Amarillo student triumphs over hurdles to succeed in education 

July 1, 2010

AMARILLO – Past failures need not dictate a student’s future. Just ask Stephanie Morrow.

A native of Amarillo, Morrow struggled for her entire high school career with one looming test: the TAAS math portion. A mental block and the stress of the important exam meant try after try with no avail.

Years later, however, she’s a senior at Wayland Baptist University’s Amarillo campus, where she’s excelling in her coursework and loving school for the first time in a long time.

“I made it through a lot and am proud of myself for making it this far,” she said. But getting to where she is now has meant a journey through a lot of pain and perseverance.

When it came time for Morrow to graduate from Amarillo High School in 1996, she still had not passed the TAAS math test. She received a certificate of completion and moved on with efforts to pick up that final piece of the puzzle. After a few tutorial courses, she took the test again in 1999 and failed once more.

Heartbroken, Morrow said she was sure she’d never pass and entered the work world, destined never to be part of the college scene. After a few years, she went to work for the Texas Department of Transportation and saw many possibilities for future advancement. Education, she knew, would be a key component to that climb. But she had an infant son Peyton (now four) and wondered if she could handle the juggling act of mother, student and full-time employee.

“As he got older, I realized that if I wanted him to get a college education, then I needed one myself,” she said.

Morrow learned of a special state program that pays for education and applied to receive the grants. Finally, in early 2007, she was accepted and began planning for college.

“I just figured with as many more years as I have, and the fact that I love it here and want to move up, it was time to go back to school,” she recalled.

Spurred by the testimonies of coworkers who had earned degrees through Wayland’s Amarillo campus, Morrow decided to check into the non-traditional location that afforded her the chance to maintain her full-time job and take classes in the evenings. She visited with an academic advisor, felt the fit was right, applied and enrolled in the next session. Then she hit a snag.

As academic advisor Cindy Perez recalls, Morrow needed to produce a high school diploma or GED since she did not have any college credit hours. Only problem was, she didn’t have one.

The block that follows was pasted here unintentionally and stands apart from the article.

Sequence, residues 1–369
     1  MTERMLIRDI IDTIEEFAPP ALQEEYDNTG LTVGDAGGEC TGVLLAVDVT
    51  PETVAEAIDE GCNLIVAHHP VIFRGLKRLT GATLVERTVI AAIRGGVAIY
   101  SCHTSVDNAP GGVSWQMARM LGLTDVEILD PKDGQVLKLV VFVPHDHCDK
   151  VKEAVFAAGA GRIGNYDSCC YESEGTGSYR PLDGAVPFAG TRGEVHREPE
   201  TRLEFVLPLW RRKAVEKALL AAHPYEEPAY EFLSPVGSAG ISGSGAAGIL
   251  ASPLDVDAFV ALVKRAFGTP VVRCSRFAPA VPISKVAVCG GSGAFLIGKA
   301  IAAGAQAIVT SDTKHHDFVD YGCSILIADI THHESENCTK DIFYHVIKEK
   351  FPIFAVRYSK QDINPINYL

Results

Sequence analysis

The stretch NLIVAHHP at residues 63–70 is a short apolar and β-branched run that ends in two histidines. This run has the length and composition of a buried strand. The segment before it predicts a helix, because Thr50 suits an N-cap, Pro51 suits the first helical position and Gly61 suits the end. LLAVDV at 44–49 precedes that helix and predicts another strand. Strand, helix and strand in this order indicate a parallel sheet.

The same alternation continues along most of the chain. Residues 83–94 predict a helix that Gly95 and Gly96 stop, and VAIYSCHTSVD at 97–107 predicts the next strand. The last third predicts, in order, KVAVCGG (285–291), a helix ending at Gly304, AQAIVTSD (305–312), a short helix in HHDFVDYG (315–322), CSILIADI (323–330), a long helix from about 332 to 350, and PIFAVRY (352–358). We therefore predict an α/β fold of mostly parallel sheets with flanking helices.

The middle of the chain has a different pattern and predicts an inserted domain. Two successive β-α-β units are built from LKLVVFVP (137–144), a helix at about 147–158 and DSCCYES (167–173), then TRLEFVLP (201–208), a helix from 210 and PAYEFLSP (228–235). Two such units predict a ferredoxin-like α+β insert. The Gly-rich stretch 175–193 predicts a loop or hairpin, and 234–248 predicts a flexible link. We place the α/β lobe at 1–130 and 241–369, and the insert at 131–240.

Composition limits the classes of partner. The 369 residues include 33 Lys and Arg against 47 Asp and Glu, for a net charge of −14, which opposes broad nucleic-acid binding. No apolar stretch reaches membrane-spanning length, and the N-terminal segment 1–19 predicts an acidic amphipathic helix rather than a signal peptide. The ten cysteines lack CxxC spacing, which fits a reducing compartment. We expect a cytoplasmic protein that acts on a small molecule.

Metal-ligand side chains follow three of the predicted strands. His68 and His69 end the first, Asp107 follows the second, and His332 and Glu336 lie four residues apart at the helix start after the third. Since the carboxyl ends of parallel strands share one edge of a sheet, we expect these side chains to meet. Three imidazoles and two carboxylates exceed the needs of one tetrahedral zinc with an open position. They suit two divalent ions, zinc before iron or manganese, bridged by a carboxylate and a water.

“She was heartbroken and in tears. I had to drop her administratively,” Perez recalls.

Morrow contacted Amarillo I.S.D. about her options and was told she could pursue the GED or take the math test again and try to pass. She wanted that diploma, so the test was the natural route.

In four weeks, she sat for the ninth time to tackle TAAS math. This time, she was more focused, less stressed and more mature. And she passed. The diploma came shortly and she marched back into WBU Amarillo and completed the enrollment process for the summer term starting in May.

Since then, Morrow has not missed a term at Wayland, taking two or three classes each 11-week session and even making the Dean’s List this last spring term for the first time in her life. She’s already passed intermediate and college algebra with WBU, crediting very good teachers who were patient and encouraging.

At the current rate, Morrow will graduate in the summer of 2011 with a Bachelor of Applied Science in management. She’s already thinking seriously about the MBA with Wayland immediately afterward, setting herself up for more future career success.

Morrow has been with TXDOT for eight years, now as office manager for the special jobs department for the district, which handles heavy equipment needs for highway maintenance jobs. The district covers 18 counties and has 400 employees. But she’s got her eye on leadership roles and knows her education – and her newfound confidence – will help her get there.

She said her Wayland experience has been critical to both.

“The classes and the faculty have been nothing but great. They’re so understanding when things come up. They realize that life happens and it’s part of it. They find a way to help you out when things do happen,” she said, noting that from the start she appreciated the fact that WBU faculty members are many times full-time employees in their teaching field, bringing valuable real-world experience to the table.

Morrow credits husband Eddie Smith, her mother and a work friend for encouraging her and supporting her dreams as she pressed on despite the challenges.

“My best friend here at the office tells me that I’ll always run into hurdles in life, and I just have to jump over them,” she said.